Helping you find a career in the psychology industry
Psychologists work across many different sectors of society and there are numerous opportunities within healthcare, sports, education and the prison service. It's not all about lying people in a chair and asking them “And how does that make you feel?”.
Most psychology roles require a sophisticated understanding of the human mind and ask for a master's degree to prove it. If your highest level of education is a bachelor's degree, you may be able to get a job as an assistant to a psychologist, but your opportunities for progression will be very limited.
Usually you will have specialised in a specific area throughout your degree although there will be opportunities to re-train if you decided to take a different direction.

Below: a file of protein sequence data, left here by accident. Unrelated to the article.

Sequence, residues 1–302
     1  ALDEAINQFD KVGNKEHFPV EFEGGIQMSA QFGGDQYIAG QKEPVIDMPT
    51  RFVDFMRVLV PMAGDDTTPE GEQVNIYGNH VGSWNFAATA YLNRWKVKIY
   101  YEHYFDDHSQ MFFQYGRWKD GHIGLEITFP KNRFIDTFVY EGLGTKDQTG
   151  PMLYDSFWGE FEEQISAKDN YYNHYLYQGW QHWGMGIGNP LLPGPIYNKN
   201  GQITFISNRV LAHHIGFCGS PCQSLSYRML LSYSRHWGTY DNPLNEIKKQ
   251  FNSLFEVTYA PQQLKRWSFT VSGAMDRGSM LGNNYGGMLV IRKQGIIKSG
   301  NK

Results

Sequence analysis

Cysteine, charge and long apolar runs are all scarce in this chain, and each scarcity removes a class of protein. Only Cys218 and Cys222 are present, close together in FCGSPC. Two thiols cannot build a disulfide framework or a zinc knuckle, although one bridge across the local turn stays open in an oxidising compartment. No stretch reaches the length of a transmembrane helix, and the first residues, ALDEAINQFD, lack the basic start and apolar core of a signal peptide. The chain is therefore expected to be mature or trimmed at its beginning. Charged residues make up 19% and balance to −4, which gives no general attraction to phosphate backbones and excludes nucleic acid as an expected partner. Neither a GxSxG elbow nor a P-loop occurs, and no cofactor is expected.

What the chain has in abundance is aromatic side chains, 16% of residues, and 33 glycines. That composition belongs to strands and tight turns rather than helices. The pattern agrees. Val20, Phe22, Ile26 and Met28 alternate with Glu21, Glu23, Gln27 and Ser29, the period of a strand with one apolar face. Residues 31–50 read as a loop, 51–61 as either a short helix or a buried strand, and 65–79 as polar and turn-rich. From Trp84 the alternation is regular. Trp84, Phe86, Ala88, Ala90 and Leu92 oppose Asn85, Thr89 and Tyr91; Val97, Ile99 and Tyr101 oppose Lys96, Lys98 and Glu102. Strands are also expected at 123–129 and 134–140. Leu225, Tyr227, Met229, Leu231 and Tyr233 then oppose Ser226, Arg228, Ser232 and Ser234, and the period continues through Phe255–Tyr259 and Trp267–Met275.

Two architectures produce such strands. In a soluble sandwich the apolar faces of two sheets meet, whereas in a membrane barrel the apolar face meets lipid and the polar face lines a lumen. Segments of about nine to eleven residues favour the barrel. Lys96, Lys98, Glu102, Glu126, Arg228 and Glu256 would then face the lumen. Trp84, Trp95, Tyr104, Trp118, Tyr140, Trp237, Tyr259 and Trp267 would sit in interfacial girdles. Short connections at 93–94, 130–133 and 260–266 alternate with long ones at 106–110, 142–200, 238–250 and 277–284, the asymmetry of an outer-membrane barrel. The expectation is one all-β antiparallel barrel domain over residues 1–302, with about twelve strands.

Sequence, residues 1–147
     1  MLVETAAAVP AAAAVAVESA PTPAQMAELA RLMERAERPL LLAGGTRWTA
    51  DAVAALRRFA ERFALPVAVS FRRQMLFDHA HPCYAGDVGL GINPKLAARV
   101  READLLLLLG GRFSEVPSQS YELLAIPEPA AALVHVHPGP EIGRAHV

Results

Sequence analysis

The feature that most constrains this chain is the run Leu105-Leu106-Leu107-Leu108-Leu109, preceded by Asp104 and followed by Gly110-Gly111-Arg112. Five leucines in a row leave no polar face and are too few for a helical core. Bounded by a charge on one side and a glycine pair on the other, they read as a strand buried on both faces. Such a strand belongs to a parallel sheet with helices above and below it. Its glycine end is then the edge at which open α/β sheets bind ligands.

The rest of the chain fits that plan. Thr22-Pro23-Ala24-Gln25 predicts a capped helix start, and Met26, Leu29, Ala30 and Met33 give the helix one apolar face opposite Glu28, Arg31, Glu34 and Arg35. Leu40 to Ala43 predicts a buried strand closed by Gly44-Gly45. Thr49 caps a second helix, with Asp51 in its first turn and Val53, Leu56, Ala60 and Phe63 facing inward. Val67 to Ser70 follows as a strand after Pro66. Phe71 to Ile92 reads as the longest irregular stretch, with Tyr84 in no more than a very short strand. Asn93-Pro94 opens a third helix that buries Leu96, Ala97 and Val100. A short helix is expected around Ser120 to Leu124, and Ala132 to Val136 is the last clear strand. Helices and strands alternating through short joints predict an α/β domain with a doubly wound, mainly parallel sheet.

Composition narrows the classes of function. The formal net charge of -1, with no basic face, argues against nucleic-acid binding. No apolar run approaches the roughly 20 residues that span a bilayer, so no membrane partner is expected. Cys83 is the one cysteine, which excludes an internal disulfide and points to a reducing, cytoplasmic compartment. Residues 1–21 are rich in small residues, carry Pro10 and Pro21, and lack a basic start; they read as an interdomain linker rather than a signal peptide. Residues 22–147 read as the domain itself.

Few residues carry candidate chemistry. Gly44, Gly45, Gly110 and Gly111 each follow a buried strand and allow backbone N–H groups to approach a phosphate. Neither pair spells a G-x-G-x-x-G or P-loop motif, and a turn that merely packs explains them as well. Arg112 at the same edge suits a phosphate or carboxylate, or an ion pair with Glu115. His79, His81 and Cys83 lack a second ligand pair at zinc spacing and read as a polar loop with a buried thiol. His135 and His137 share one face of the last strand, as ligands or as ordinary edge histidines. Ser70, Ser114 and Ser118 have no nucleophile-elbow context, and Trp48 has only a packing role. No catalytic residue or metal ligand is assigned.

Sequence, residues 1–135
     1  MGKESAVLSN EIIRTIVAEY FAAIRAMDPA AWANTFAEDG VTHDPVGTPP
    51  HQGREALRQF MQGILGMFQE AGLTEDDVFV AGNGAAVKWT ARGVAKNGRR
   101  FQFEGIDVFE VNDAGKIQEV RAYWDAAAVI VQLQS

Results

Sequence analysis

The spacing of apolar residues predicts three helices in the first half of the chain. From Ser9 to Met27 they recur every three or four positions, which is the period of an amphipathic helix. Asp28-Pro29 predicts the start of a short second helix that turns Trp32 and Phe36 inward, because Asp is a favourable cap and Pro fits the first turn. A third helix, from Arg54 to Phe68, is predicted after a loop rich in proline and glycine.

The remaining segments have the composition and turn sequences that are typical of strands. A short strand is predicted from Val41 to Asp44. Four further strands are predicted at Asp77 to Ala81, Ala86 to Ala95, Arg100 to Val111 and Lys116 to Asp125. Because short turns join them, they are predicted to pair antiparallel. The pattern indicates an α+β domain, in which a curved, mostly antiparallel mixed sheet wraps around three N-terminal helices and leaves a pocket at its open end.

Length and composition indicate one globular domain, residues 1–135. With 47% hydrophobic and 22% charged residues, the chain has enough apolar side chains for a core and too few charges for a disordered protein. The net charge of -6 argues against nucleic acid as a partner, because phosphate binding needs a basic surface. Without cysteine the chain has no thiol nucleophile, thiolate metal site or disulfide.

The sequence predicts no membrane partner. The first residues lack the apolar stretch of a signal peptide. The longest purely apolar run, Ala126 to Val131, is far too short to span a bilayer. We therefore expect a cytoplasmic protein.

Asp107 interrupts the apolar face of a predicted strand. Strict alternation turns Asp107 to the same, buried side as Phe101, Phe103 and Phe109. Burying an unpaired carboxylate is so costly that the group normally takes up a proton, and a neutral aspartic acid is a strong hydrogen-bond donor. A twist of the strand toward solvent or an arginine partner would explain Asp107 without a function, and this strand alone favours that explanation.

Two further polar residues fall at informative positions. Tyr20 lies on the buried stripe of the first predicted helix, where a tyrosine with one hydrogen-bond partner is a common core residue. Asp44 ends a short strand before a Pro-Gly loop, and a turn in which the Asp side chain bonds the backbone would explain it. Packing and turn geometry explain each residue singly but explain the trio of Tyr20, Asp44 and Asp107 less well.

Here is a brief overview of the types of psychology jobs that exist:
- Counselling psychologist - Involves working with patients, or clients, to help cope with difficult situations or resolve problems. Educational psychologist - Typically you'll work with young people who are encountering difficulties that are affecting their education. Forensic psychologist - Involves working to rehabilitate criminals or with law enforcement staff to investigate crimes. Clinical psychologist - Involves working in hospitals or treatment centres to help people with general mental health issues. Occupational psychologist - Helping employees within a business with stressful situations that are affecting their mental health. As a psychologist you may also contribute to research within the field and conduct experiments.
Psychologists encounter problems of the mind, which can be some of the most complex out there. This means the work can be very challenging and there will be no ‘one-size-fits-all' for treatment. However, it is also incredibly rewarding and you will be making a huge difference to people's lives.